It would be simplistic to lay the blame entirely at the feet of the clerk and there is no doubt that he could have handled the situation much better. However, it is also fair to ask why the recalled cold medicine was still on the shelf at eight-o-clock at night. It is also fair to question why he was not provided a list of alternative products for the customer to purchase instead. These two questions led me to consider whether there was enough staff on hand that day to update the inventory and restock the shelves properly. I considered whether management was willing or able to train and communicate changes with their staff each day. I also had to consider whether that employee was frustrated at constantly being put in situations in which he is not equipped or trained. I consider these things because I have been in these situations myself.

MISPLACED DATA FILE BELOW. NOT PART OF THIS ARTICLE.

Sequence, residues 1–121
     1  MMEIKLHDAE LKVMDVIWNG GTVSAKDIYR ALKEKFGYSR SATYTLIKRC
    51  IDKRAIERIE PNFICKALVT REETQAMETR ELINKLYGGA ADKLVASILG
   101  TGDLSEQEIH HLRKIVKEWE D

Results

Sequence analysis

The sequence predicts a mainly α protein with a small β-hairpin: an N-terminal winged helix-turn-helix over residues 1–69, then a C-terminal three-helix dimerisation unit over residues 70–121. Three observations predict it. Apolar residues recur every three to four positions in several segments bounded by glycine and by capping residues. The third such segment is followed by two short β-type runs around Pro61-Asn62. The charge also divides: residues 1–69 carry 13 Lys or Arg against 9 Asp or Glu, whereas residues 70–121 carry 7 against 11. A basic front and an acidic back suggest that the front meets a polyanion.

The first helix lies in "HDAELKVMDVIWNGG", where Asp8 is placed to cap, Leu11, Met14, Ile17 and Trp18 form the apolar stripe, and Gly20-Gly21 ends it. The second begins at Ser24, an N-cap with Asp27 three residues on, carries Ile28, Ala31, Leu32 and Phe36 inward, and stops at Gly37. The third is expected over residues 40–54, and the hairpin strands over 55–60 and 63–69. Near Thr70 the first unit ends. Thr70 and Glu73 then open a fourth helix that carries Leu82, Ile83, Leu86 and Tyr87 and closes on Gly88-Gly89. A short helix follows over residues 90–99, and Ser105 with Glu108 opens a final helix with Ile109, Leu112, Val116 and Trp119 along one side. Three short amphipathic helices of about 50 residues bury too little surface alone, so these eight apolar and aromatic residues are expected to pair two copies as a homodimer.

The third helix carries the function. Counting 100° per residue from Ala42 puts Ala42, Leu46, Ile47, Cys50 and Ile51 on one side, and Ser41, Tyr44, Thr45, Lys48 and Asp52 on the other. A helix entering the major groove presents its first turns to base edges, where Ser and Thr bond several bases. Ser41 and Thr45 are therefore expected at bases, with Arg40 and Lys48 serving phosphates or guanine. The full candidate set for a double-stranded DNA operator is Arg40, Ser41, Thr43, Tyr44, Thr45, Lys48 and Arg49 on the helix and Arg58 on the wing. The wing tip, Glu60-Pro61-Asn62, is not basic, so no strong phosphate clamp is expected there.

If this employee lasts at this job, it will be for no other reason other than acquiring a paycheck and perhaps healthcare benefits. Sadly, this is the attitude that all too many customer-facing individuals carry when they greet and deal with customers. Having a barebones staff is the low-hanging fruit of business accounting and even with outstanding team members, there will be times when customers will feel under-appreciated. Employees at the front lines of customer service require more support, not less. Customers need to feel that they are doing more than going through a cattle line. If you find that you are turning over a consistently high number of people whose job it is to be the face of your company, you should consider whether you are frustrating those employees out the door. If that is not enough for you to make substantive changes to your approach to staffing, then perhaps you should consider how many customers you are also pushing out the door.

~ Richard

Is Raising the Minimum Wage Good for your Business?